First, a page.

Damp Proofing and Rising Damp
Watertight Homes have been offering damp proofing services for many years. We are experts int he field and can offer our services to those suffering from rising damp. The most effective way for you to treat rising damp is by injecting a cream based silicone into the wall.
The benefits are:• Little or no odour
• Safe to use
• No expensive equipment required
• Maximum results
• Used by professionals
• BBA approved
• Easy to install
The cream is injected into holes by a cartridge gun or professional applicator rising damp is one of the most common problems in older properties caused by ground water rising through the mortar beds of brick or stonework when there is no damp proof course or a defective damp proof course
The signs of rising damp can include:• A tidemark or staining of walls above the skirting boards to three foot high
• Salt on wall
• Plasterwork or paint falling off
• Damp patches that come and go
• A cold or damp wall
The height to which the water will rise depends on the construction of the property but is normally about one meter high. Ground water contains soluble salts that are left behind when the water evaporates on the affected wall and over time cause considerable damage to the surface. Ground water salts are hygroscopic (they absorb moisture) so even if you control the rising damp at the source the salts alone can cause the wall to stay damp.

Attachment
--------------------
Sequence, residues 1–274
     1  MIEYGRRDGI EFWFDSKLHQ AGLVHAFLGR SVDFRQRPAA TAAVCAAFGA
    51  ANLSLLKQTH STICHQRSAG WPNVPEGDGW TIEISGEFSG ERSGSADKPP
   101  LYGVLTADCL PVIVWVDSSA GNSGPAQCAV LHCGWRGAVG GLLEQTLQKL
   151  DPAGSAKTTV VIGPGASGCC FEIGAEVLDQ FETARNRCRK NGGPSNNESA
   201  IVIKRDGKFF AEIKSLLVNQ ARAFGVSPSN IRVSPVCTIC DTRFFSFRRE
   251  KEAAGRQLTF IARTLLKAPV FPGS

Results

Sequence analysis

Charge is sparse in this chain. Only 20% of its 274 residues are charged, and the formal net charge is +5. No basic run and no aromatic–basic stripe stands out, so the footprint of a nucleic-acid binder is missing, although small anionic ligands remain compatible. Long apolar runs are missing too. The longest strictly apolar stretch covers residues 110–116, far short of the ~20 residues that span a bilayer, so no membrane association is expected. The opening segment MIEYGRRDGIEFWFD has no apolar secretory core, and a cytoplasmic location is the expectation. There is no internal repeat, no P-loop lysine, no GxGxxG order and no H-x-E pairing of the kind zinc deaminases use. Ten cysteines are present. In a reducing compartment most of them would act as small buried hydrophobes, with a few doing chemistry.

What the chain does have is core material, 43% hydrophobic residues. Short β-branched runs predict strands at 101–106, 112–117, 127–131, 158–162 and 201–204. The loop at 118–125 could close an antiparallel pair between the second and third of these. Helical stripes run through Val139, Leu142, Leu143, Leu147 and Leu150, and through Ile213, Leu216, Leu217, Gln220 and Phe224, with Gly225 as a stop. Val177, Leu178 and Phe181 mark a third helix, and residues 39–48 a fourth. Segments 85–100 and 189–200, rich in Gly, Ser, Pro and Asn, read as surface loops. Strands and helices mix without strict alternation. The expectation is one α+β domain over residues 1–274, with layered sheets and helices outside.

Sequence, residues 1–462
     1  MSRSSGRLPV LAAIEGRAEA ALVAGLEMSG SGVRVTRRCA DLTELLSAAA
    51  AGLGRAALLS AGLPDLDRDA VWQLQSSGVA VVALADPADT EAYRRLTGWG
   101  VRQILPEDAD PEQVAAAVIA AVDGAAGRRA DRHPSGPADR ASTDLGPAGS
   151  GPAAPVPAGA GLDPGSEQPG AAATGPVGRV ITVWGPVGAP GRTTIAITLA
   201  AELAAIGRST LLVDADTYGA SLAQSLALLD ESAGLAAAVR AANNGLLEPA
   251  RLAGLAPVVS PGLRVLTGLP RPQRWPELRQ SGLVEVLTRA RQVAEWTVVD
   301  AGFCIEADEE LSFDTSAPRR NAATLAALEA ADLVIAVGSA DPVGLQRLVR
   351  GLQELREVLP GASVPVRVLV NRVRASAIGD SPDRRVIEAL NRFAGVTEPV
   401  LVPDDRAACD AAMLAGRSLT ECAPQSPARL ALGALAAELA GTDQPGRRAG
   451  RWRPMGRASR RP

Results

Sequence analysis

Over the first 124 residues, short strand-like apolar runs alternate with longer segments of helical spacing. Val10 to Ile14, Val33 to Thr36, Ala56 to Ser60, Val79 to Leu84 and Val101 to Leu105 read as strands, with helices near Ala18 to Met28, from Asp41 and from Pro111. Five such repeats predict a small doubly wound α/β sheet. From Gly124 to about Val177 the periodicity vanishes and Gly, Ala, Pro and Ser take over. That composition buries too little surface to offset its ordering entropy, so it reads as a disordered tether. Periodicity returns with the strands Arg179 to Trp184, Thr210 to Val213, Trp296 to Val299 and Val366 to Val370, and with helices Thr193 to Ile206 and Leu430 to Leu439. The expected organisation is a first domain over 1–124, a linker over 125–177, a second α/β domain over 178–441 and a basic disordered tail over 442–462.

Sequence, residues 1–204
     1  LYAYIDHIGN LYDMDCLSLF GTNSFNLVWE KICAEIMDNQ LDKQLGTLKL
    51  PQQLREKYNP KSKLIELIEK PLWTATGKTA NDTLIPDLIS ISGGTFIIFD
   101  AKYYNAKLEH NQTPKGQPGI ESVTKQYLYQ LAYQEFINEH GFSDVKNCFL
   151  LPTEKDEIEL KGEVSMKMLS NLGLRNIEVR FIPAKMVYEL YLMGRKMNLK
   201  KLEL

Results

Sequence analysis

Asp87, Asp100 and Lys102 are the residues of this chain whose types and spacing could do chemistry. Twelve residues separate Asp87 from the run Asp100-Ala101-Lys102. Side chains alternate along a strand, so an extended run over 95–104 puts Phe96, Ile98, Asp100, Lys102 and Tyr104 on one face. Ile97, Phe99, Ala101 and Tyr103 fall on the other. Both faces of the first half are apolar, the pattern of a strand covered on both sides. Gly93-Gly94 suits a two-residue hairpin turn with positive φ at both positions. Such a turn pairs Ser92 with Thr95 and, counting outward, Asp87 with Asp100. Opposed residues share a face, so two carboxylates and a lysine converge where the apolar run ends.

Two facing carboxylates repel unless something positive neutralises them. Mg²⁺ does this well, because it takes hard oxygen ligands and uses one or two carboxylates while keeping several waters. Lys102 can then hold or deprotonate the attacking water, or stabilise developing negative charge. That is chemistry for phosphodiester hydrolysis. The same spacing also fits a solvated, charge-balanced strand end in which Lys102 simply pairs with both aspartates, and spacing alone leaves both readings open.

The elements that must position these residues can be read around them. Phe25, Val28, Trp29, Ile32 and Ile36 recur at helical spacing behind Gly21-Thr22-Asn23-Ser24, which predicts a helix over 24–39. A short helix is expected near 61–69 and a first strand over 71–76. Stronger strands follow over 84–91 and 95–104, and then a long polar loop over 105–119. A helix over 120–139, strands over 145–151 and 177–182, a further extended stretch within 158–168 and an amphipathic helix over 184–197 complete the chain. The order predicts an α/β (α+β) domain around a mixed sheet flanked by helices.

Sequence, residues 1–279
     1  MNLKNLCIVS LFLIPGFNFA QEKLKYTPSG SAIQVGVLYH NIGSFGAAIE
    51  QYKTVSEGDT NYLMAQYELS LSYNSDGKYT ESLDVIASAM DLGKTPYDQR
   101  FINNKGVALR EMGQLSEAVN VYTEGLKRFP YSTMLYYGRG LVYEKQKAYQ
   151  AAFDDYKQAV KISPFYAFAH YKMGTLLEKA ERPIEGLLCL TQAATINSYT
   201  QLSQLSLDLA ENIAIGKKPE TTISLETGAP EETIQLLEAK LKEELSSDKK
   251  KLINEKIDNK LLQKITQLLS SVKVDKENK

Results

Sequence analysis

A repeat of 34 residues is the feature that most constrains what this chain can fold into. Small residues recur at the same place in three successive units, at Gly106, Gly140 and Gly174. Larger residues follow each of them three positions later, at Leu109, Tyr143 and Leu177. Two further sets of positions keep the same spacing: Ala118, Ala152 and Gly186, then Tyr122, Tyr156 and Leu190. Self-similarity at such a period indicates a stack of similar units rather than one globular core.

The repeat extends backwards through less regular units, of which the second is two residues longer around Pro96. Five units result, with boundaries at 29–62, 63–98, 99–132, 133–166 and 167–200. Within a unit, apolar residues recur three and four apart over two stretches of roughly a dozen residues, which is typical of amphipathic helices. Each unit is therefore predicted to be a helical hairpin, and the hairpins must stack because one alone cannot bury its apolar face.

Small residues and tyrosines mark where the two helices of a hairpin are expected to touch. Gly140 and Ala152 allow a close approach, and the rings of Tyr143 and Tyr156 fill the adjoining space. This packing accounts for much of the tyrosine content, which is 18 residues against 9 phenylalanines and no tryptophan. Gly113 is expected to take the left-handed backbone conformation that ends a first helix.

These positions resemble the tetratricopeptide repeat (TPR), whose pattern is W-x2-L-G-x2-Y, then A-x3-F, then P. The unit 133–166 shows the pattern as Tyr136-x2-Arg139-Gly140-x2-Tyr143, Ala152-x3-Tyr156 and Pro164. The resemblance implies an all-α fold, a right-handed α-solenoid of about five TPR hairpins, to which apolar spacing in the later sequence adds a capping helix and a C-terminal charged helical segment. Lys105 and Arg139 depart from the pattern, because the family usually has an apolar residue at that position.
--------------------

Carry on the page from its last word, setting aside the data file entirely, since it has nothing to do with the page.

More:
Step 1 - Survey
The first step in damp proofing is to survey your property and list any faults to eliminate any other sources of water ingress it will help to write down your results for the next stage.
External observation• Chimney
• Rainwater goods
• Cracks in walls
• Window and door seals
• High ground level
• Bridged over existing D.P.C.
• Air vents
• Height of floors next door
Internal Observation• Rot at skirting boards
• Wooden ground floor rot
• Salt on walls
• Mould growth
• Signs of damp on all walls
If your property has a cavity wall always ensure that the cavity is clear.
Step 2 – Meter Readings
Take meter readings of the affected ground floor walls if you have a damp meter. If you do not have a damp meter you could use the back of your hand to see if the area is more damp at the top or bottom of wall.
A moisture meter can be useful in establishing if you have rising damp but cannot give absolute proof due to contamination of some walls. If readings are higher at bottom of wall and cut off about 1 meter high you have rising damp. If readings are higher at the top of wall you have penetrating damp or condensation. If readings are low top and bottom and concentrated on middle of wall 1 meter up you have either contaminated plaster work or a failed treatment carried out before. If wall is damp for only 100mm above a solid floor it may be a defective DPC to DPM joint
Step 3 - Preparation for Treatment• Lower ground levels if required
• Check for any bridging of the damp proof course line
• Remove skirtings, do not reuse skirting if rot is present
• Remove affected internal plaster work to a minimum of 1 meter high or 300mm above affected plaster work
• Remove all timber fixings
• Rake out mortar joints
• Brush and clean area
• Ensure area is protected from accidental spillage
• Read all safety information and installation material
• If you have a party wall, explain to your neighbours why and when you are doing the work
• Always wear the appropriate safety equipment (PPE)
Drying Times & Guide For Treatment of Rising Damp Read More